REVIEW: Lana Del Rey – “Born To Die”
“Every time I close my eyes, it’s like a dark paradise”. The theme couldn’t be more spot on for Lana Del Rey’s highly coveted debut. On the outside looking in, Born To Die is a prime definition of “Hollywood sadcore” but it’s also a poison of everything pop has sunk it’s sweet-to-the-touch fangs in for the past century. Del Rey’s custom description is a mere abbreviation to a vindictive compound of Marianne Faithfull and Brigitte Bardot with a liking for theatrical hip hop. Her voice, which mostly cradles a lower register, is sexually haunting. There are moments when higher notes are carried through present-day pop (“Off To The Races”, “National Anthem”), but they aren’t as effective as the stage singer appeal that remarkably gets intimate with Emile Haynes’ scarred rap production. Born To Die in a way, shares the same real life melodrama that Kid Cudi’s The Legend Of Mr. Rager succumbed to.
It’s just Lana Del Rey is only tainted with love’s dismal side and the way life can be a complete fuck-up the odd time, with her wading through doubt (“Born To Die”), the bliss of respect (“Radio”) and the dismal tint to the future (“Summertime Sadness”). As much as these songs are pleasant to zone out to, staring into the depths of reality, bottle in hand, they’re hard to remember. “Diet Mtn Dew” tries, watching Del Rey fancy a ghetto tempo that flirts with her voice, but nothing’s as triumphant in terms of being emotionally stirring as “Blue Jeans”. The track epitomizes her image, not the faceless charade but the 25-year-old who can string together James Dean, gangsters, punk rock, tears and limitless affection to push out a modern ballad that’s almost an anthem for losing a figment of love that’s relatively a mirage. In those three minutes, Del Rey attests Born To Die isn’t destined for a one hit-kill despite the sorority it came from. She is entwined with the tags “manufactured”, “artificial” and “fake”, drawing conspiracies of what makes an aritist, but how can a vocalist be fabricated if there isn’t an exact replication of her that exists in music? There’s a human touch to this classic pop and the heartache is an open wound.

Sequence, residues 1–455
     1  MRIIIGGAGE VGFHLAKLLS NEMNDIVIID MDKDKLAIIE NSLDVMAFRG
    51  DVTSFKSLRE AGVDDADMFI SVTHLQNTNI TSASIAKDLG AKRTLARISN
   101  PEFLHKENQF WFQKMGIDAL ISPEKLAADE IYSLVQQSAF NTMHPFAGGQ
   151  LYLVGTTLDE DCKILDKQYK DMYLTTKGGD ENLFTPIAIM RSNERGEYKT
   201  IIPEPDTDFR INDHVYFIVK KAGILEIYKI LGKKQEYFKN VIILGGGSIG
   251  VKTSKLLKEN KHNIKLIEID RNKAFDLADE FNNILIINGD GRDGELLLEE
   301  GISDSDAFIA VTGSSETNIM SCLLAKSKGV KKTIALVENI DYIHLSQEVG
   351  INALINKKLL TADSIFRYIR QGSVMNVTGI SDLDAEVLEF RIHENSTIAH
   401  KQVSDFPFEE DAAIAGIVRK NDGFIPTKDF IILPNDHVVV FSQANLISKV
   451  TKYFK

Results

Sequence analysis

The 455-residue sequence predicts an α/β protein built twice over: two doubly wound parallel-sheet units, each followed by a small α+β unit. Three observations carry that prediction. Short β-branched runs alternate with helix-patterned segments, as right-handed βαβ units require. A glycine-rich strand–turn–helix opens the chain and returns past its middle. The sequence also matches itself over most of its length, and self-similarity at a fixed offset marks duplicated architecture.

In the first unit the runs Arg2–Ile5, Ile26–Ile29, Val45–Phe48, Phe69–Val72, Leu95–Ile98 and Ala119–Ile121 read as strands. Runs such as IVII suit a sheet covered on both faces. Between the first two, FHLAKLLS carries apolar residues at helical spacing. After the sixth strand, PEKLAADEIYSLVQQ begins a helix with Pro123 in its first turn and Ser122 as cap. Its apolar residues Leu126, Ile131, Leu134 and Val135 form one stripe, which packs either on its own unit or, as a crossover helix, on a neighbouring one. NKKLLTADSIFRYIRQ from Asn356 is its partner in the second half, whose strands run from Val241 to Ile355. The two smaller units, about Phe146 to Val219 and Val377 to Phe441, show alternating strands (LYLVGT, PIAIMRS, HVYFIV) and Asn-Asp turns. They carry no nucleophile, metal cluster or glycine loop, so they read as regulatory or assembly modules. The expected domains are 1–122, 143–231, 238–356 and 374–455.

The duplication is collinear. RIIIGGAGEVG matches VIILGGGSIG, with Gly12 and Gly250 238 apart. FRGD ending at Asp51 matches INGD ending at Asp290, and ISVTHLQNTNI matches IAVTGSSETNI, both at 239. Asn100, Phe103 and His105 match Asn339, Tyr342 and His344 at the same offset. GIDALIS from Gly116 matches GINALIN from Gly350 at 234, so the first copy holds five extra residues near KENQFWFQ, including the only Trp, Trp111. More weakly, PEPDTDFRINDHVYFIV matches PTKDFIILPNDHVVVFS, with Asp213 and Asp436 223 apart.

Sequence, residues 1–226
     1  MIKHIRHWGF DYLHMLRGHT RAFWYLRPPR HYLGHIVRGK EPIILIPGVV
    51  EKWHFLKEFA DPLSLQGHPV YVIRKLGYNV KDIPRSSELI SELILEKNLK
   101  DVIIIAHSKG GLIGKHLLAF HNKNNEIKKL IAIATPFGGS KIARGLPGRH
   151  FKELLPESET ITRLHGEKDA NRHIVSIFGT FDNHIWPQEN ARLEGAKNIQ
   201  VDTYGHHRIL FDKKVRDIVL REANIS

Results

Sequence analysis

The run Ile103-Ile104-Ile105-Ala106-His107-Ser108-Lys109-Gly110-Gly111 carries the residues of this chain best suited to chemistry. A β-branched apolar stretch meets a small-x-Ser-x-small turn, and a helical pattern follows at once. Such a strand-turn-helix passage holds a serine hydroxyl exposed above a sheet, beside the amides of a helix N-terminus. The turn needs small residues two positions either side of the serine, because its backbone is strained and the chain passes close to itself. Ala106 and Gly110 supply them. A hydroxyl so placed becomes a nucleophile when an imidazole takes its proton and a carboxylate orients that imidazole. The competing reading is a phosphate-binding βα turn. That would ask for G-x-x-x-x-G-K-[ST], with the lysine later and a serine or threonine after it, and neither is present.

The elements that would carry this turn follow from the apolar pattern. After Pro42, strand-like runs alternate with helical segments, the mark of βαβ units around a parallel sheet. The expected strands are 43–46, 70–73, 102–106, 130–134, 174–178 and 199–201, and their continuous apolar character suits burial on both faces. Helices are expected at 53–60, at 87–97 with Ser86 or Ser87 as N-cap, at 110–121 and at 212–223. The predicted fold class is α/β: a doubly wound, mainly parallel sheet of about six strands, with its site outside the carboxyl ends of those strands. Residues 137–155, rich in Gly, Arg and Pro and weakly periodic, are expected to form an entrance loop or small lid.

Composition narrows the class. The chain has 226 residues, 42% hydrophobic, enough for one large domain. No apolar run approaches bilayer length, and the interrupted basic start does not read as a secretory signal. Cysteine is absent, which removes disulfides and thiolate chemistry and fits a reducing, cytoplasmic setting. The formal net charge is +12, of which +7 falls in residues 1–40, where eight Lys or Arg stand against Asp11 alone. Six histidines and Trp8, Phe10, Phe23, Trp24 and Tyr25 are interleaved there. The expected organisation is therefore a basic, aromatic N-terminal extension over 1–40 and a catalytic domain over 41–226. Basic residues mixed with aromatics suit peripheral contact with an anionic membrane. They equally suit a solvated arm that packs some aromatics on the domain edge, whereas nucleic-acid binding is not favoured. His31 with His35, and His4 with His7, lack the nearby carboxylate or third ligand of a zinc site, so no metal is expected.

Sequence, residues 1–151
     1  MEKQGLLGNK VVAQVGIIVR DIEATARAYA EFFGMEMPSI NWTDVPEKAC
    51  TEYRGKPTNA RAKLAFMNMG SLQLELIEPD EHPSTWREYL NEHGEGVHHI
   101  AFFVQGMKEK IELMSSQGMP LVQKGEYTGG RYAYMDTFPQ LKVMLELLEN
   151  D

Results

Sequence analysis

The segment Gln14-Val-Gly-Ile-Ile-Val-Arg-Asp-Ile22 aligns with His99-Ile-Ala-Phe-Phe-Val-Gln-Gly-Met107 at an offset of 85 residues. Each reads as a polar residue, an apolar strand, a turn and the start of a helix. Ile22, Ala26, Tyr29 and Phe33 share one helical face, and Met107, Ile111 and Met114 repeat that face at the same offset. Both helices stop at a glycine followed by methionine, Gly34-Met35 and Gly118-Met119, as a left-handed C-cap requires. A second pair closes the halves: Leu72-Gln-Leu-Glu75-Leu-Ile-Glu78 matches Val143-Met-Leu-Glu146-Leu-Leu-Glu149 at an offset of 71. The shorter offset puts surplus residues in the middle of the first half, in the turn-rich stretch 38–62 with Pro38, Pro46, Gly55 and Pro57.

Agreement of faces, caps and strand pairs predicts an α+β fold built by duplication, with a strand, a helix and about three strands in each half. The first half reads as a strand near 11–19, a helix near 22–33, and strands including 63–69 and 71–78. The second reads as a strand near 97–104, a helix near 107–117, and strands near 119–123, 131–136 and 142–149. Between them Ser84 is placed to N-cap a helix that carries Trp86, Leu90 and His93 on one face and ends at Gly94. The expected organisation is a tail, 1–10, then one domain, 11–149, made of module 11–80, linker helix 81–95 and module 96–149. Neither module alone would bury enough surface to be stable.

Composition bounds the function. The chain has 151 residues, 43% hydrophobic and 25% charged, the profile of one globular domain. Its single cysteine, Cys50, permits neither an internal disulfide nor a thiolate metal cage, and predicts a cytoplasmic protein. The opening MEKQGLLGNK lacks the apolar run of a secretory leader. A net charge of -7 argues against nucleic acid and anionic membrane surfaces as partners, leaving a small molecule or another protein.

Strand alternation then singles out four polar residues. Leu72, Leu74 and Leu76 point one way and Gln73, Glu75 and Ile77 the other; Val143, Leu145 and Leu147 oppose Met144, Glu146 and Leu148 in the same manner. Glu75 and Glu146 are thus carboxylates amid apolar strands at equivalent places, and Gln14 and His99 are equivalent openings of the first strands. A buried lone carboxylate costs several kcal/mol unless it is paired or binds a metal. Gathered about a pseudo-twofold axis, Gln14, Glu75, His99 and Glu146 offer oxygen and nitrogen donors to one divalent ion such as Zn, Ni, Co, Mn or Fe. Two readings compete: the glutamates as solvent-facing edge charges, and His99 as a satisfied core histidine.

Download: “Blue Jeans”, “Dark Paradise”, “Diet Mtn Dew”
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